The Resurrectionist by Jack O’Connell
I will readily admit that I thought The Resurrectionist was a period novel when I wrote it down in the book of Books to Read. It describes its protagonist as a druggist–you can hardly blame me! I was quite surprised when I found it was contemporary, but I still decided to give it a shot–certainly, the concept would still play out as interestingly in a contemporary setting, right?
The Resurrectionist is the story of Sweeney, a man whose beloved son, Danny, is in a coma. The novel opens as Sweeney and Danny have moved to the renowned and experimental Peck Clinic, where the Doctors Peck (a father and daughter team) have managed to heal two coma patients. Devastated, Sweeney reads Limbo, a comic book series Danny loved, in order to connect with his comatose child. But Sweeney’s move to the Peck Clinic has garnered the attention of the Abominations, a tribe of bikers who float around from coma clinic to coma clinic in such of something. And the story of Limbo may hold the key to waking up Danny. The novel devotes nearly as much time to Sweeney’s story as it does to Danny’s beloved comic book series about a troupe of circus freaks.
Right off the bat, The Resurrectionist establishes itself as a manly, vulgar novel. O’Connell prefers using the word “ass” to any number of other terms for the buttocks in any context, be it violent, romantic, or domestic. There’s plenty of heterosexual sex, even when it makes absolutely no sense and adds nothing to the story. (To be fair, you must understand my tolerance for sex in novels that are not romance novels is much lower than most other readers. But there’s one encounter that I think will have you agreeing with me.)
Sweeney, a wearied father with anger issues, proves to be a mostly sympathetic protagonist. He’s quite a gritty fellow, avoiding sleep and tossing himself into his work to avoid dealing with the tragedy that claimed Danny. The novel spends a few chapters with Doctor Peck, whose creative process is a joy to watch. He’s amoral for the sake of progress, a trait his poorly written daughter seems to have inherited. The Abominations are a rowdy, filthy, degenerate bunch with their leader, Buzz, serving as their parent. Over the course of the novel, the Abominations are surprisingly endearing, due to their childlike natures.
The main problem with The Resurrectionist is that Limbo, the comic book series Danny is fixated on, is wildly inappropriate for a boy of six. There’s horrific blood, gore, philosophical issues, threats of rape, and a hermaphrodite with a cutting wit. While I enjoyed the freaks’ story much more than I enjoyed Sweeney’s story, I found it very implausible that such a dark and mature story could give rise to a media empire aimed towards children. We are meant to accept Limbo as that, and I can’t do that. What kind of parent would allow their little ones to read about the various horrors that occur to a band of circus freaks? And what kind of television executive green lights an animated version of it?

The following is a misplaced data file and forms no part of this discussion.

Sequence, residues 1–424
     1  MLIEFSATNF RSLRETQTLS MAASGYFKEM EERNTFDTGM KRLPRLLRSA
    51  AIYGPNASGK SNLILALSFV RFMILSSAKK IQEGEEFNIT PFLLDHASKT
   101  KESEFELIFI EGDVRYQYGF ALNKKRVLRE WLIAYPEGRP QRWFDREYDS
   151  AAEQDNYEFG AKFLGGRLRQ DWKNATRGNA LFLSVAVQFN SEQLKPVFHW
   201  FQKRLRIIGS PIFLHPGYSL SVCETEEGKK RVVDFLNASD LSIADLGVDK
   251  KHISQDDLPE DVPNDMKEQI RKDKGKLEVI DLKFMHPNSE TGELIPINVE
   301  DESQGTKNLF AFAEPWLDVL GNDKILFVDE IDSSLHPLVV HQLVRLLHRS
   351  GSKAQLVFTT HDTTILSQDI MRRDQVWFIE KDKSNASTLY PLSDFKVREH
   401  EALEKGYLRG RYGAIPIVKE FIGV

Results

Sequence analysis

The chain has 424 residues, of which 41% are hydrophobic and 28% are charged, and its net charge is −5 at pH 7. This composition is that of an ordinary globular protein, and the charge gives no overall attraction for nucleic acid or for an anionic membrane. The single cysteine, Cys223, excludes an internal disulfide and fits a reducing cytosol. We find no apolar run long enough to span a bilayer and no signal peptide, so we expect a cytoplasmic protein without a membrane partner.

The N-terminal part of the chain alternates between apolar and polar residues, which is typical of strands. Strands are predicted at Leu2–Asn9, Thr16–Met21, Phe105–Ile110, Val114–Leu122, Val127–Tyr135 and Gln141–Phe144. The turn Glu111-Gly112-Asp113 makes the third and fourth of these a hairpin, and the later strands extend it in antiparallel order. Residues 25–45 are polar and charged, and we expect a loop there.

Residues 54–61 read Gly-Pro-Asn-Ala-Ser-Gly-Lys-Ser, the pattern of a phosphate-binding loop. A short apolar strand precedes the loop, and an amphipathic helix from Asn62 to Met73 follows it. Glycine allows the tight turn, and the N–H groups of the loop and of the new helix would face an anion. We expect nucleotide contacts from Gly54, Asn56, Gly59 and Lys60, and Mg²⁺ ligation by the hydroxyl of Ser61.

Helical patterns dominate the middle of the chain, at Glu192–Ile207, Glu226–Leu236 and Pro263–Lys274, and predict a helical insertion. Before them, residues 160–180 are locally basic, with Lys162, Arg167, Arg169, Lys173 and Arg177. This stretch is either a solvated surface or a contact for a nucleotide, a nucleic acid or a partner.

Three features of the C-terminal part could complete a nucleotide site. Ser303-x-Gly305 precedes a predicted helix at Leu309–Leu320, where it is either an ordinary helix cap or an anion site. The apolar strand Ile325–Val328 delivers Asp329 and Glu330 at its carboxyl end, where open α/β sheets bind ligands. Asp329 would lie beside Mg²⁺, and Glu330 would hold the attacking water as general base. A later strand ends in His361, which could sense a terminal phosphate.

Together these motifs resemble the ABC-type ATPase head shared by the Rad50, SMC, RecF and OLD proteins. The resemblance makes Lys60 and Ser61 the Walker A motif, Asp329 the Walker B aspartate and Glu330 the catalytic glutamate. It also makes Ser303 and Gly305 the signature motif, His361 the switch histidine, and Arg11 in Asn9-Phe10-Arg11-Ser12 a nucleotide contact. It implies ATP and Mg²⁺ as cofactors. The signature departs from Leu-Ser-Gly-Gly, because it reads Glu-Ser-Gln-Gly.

The style, however, is quite good. O’Connell has a devious and wicked sense of humor here, and an eye for interesting, gritty, and fresh descriptions. His writing is accessible and gripping, the hallmarks of a good thriller writer. He’s quite good at drawing out suspense, hence my continued interest. When we have a chance to see through the eyes of a child, O’Connell gets it down perfectly. My only quibble here is that O’Connell never quite decides which pronoun to use for Milena, the hermaphrodite–although she obviously identifies as female, he goes between regular female pronouns and calling Milena a “s/he”. It feels lazy, in a way.
While I won’t give away the ending, it’s underwhelming and unsatisfying. Sweeney’s actions towards the very end bewildered me, after I spent a novel feeling sorry for a man devastated by his son’s coma and learning to like the Abominations. It takes the scant promise of the premise and all the goodwill we’ve developed towards Sweeney and smashes it into little tiny pieces for reasons I cannot discern. The open-ended ending resolves absolutely nothing.
Bottom line: Despite its interesting premise, The Resurrectionist falls flat. It’s a little offensive, a little underwhelming, and very unsatisfying. You might want to try one of O’Connell’s other works before you consider trying this one.
I rented this book from the public library.